Forced suicide is a method of execution where the victim is coerced into committing suicide to avoid facing an alternative option they perceive as much worse, such as suffering torture, public humiliation, or having friends or family members imprisoned, tortured or killed.
In ancient Greece and RomeEdit
Forced suicide was a common means of execution in ancient Greece and Rome. As a mark of respect it was generally reserved for aristocrats sentenced to death; the victims would either drink hemlock or fall on their swords. Economic motivations prompted some suicides in ancient Rome. A person who was condemned to death would forfeit property to the government. People could evade that provision and let the property pass to their heirs by committing suicide prior to arrest.
The most well-known forced suicide is that of the philosopher Socrates, who drank hemlock after his trial for allegedly corrupting the youth of Athens. The Stoic philosopher Seneca also killed himself in response to an order by his pupil, the Roman Emperor Nero, who himself was forced to commit suicide at a later date. Other famous forced suicides include those of Brutus, Mark Antony, Emperor Otho, and the Roman General Corbulo.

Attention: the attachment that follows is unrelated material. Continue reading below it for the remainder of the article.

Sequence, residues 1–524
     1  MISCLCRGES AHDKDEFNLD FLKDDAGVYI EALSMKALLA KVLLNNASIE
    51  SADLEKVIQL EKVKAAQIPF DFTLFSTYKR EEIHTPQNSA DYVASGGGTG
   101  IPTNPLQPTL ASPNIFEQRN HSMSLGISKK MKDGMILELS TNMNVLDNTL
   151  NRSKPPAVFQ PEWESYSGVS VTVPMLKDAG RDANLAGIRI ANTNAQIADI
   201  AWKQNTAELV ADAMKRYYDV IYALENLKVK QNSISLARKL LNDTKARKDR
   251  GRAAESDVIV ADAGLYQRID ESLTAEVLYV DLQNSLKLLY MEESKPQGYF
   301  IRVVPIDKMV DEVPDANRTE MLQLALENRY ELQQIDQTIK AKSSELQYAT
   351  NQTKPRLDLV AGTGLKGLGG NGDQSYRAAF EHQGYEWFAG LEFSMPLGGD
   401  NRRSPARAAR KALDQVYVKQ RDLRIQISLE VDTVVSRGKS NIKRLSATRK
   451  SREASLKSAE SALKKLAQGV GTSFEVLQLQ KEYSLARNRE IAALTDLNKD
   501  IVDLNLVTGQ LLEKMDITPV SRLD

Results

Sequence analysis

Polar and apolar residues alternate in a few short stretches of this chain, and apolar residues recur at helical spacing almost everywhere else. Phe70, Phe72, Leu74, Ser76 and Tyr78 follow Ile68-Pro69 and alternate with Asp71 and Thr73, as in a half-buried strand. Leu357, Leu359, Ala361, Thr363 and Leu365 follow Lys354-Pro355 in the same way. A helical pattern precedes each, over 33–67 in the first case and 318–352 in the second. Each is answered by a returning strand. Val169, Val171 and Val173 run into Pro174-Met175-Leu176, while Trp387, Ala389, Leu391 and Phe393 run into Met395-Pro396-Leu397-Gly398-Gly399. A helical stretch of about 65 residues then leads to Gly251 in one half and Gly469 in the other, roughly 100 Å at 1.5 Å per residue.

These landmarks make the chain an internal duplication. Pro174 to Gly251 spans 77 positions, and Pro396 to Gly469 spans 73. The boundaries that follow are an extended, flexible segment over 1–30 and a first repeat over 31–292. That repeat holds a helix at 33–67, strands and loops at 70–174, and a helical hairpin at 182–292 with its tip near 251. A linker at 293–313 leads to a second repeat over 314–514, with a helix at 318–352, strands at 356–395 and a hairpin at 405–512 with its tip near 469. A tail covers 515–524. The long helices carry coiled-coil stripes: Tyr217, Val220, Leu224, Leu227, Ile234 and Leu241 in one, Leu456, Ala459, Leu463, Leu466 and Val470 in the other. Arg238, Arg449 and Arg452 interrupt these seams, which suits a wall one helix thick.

The Hindu practice of sati, in which a recently widowed woman would immolate herself on her husband's funeral pyre, is not generally considered a type of honor killing. However, the extent up to which Sati was a purely voluntary act or one that was coerced is actively debated. There have been some incidents in recent times, such as the Roop Kanwar case, in which forced sati was suspected. Additional cases are under investigation, though no evidence of forced suicide has yet been found.
Japanese seppuku falls into this category. The culture practiced by the samurai expected them to ritually kill themselves if found disloyal, sparing a daimyō or shōgun the indignity of executing a follower. This was especially the case in the Edo period, and Asano Naganori was a clear example.
As a substitute for honor killingsEdit
A forced suicide may be a substitute for an honour killing when a woman violates the namus in conservative Middle Eastern societies. In 2006, the United Nations investigated reports of forced suicides of women in southeastern Turkey.
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